In search of winter vacation work, nine-year-old Ylva from Oslo goes to stay with her grandparents in a fishing village in the north of Norway. The fish factory there offers a traditional job for children: cutting out cod tongues. From age six, children are taught how to take heads from a barrel and to use a sharp knife to remove these delicacies. The village even has its own cod tongue cutting championship every February. At first, the city girl is hesitant and not used to all the fish and fish blood. But the experienced Tobias, who’s 10, shows her how it’s done and soon she’s an accomplished tongue cutter. Along with Ylva’s voiceover and the happy intermezzos, the observational style and careful cinematography give this documentary a definite allure. Placed next to impressions of the northern landscapes, old photos reflect the area’s bonds to the past. In addition to the tongue cutting, other experiences prove just as important for Ylva. In particular, she and Tobias have a lot of fun—it’s their friendship that forms the film’s leitmotif. While the tone remains light, the two also have serious talks about their divorced parents. (Norwegian with English subtitles)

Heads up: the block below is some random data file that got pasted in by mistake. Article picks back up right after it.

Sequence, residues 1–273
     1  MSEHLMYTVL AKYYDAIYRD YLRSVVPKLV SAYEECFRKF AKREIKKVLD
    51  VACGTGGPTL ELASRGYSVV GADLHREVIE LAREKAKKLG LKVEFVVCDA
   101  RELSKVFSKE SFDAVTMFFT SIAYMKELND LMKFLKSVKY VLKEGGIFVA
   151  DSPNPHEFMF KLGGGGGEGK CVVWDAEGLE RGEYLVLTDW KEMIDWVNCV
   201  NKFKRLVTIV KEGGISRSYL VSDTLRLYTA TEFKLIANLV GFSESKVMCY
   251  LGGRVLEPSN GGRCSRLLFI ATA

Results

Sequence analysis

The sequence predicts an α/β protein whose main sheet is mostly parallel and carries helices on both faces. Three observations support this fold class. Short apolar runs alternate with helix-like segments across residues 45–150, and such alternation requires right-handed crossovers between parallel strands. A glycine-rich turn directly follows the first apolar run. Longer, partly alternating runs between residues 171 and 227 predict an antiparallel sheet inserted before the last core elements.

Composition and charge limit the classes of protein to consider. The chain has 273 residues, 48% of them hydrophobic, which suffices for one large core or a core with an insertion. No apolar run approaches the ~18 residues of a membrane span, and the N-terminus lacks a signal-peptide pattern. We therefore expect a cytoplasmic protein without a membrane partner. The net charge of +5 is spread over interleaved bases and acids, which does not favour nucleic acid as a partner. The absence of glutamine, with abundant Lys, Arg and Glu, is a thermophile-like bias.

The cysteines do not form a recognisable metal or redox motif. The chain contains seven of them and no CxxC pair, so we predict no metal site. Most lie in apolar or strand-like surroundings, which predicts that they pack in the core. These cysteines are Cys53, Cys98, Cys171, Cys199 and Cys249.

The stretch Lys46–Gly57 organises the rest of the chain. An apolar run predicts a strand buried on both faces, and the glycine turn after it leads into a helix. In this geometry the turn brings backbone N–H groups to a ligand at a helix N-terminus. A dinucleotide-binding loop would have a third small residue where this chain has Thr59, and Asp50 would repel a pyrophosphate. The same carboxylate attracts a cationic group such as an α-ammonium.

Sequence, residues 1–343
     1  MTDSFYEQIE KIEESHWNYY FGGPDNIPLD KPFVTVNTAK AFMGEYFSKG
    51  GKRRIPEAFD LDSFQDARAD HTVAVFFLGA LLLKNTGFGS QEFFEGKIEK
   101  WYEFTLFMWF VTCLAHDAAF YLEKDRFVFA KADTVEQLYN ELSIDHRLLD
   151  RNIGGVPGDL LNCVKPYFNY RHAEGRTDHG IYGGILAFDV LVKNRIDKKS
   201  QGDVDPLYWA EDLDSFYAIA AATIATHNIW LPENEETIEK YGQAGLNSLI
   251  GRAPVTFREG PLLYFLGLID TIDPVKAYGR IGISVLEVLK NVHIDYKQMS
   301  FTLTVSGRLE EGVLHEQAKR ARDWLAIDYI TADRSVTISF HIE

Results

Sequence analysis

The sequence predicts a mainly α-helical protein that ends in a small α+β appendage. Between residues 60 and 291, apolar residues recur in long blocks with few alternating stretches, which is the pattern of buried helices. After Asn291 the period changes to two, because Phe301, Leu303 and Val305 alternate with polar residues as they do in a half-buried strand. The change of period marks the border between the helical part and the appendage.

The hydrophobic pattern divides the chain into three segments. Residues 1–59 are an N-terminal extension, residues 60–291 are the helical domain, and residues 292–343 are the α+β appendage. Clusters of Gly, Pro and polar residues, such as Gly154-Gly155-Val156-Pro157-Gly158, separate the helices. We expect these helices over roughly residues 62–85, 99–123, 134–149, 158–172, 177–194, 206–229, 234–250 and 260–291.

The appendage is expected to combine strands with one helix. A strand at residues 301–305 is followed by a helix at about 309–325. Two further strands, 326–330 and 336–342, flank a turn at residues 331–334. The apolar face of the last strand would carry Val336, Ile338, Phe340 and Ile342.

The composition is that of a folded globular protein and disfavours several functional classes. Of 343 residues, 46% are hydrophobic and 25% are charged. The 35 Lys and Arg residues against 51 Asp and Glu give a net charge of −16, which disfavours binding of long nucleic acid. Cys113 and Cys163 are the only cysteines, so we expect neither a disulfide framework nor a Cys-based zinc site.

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Please note: this film does not yet have a British Film Rating, please be advised that content may not be suitable for children. HiFF has given this film a rating of PG.